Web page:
MSW Not knowing Haskell, I suppose though that this builds up an intermediate list to fold over in a loop... the recursion on the other hand does just the computation, isn't building up yet another temp to throw away. Ah well...

NEM Yes - it generates a list and then iterates through it (well the Haskell version lazily generates elements of the list as needed). The (non-tail-optimised) recursive version effectively creates the same list on the stack anyway. The point I was making was that most uses of recursive functions are, or can be reduced to, operations on lists (or lists of lists/trees etc), and there are several well-known higher-order functions for dealing with these (map, filter, foldl, foldr...). BTW - the code I gave is Tcl, not Haskell, in case there was some confusion.

MSW Argh, yes. Was just baffled by the [..], but you implemented that, sorry. About recursion mimicking traversal of other data structures via its call-graph, er, that's the point of recursion ? Not having to explicitely handle the data structure... And one can add "...while maintaining constant space usage." if the implementation is tail-recursive/calling.

Now that's elegant. I suppose you can say that you want recursion rather than managing the data structure yourself as long as this management is trivial (like folding and mapping often is), and as long as you don't have the structure handy anyways. Conceptually, there's no difference, except for the explicit / implicit building/traversal of the wanted data structure. (tree/list vs. call graph).

Lars H: To answer NEM's question about how this compares to fold functions, I suppose iterate is near equivalent to those. The main differences are (i) that one doesn't have to name the function being iterated over, which is probably only a stylistic difference, and (ii) that the loop does not have a given length (foldr is to foreach as iterate is to while). bifurcation is another matter though, since it supports "recursions" that branch into several subcases. It's not "constant space usage" in memory as a whole, but the usage of call stack space is constant.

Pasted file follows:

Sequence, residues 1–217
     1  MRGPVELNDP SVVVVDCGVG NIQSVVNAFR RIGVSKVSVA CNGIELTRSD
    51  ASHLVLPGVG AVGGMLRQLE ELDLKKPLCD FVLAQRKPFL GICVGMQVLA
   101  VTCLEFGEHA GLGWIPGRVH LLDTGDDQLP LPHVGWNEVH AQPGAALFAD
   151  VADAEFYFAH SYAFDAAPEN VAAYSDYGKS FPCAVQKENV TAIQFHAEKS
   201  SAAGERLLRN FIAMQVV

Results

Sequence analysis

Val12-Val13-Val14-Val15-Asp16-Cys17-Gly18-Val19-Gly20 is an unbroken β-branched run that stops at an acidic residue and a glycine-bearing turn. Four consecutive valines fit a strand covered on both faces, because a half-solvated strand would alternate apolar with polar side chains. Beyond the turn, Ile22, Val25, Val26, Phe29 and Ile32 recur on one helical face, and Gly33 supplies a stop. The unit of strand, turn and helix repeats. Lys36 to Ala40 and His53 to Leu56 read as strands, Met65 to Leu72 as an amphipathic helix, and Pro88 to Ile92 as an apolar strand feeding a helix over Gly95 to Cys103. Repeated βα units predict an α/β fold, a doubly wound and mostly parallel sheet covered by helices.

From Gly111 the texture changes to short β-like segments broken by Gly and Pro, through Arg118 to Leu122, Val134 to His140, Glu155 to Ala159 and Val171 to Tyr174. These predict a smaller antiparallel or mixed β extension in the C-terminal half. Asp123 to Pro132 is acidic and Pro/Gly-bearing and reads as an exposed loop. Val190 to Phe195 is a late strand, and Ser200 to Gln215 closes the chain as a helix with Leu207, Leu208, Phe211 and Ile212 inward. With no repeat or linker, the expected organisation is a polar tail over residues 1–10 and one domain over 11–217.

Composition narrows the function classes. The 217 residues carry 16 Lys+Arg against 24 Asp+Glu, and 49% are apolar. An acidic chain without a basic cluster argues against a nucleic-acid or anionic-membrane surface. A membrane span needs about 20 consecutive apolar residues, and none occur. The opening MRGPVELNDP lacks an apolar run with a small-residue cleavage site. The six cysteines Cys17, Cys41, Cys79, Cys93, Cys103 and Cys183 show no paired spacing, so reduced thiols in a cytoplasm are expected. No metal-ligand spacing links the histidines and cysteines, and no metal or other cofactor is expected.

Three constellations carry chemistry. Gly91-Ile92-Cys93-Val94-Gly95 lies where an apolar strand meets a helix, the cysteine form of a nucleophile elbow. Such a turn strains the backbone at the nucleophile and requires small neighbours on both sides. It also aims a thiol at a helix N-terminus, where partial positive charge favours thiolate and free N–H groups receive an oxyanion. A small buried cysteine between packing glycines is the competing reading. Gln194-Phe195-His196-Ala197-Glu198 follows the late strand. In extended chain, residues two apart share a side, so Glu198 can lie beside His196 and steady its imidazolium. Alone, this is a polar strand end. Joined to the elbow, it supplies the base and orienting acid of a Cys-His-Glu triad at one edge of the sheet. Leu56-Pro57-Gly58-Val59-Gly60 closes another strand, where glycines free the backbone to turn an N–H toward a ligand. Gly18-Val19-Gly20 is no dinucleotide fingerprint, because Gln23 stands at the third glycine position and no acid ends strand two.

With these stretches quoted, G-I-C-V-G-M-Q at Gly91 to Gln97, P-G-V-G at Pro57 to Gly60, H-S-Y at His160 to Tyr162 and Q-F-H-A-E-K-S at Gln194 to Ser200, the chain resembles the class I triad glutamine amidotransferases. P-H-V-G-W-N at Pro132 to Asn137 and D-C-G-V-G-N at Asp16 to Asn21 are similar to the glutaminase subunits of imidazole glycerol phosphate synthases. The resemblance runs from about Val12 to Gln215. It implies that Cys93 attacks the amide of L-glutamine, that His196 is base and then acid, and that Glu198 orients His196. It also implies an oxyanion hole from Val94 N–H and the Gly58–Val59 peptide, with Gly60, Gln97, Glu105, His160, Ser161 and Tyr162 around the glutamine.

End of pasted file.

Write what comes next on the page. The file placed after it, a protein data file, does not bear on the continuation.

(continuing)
MSW I think you can happily hand an anonymous function (or "block") to fold*/map* in about any programming language having one... Another difference would be that fold usually is a binary operation, working on lists
`{a b c d e f}`

with e.g. calling '*' like
`((((((start * a) * b) * c) * d) * e) * f) (= foldl)`

, while with iterate you can construct any arity... ?

Lars H: No, arbitrary arity would rather require bifurcation. iterate, foldl, and foldr all follow a linear path of evaluation, but in order to deal with higher arities it is necessary to traverse a tree. Basically, iterate computes the result of applying a sequence of unary operations to a (typically composite) value. Already generic binary operations require branching, but foldl and foldr restrict themselves to left- or right-associated expressions; the expressions evaluated are always on one of the two forms
```((((((start * a) * b) * c) * d) * e) * f)
(a * (b * (c * (d * (e * (f * start))))))```

and these can be translated to a sequence of unary operations on start. (In the first case: Multiply by first a, then b, then c, etc. on the right. In the second case: Multiply by first f, then e, then d, etc. on the left.)

As for "happily hand an anonymous function": Yes, I'd expect nothing less. One of the purposes of these experiments is however to see how far one can get without resorting to these traditional functional programming constructions. There could be other things which are more natural in Tcl, and Tcl is one of the few languages that even lets one experiment with inventing new control structures.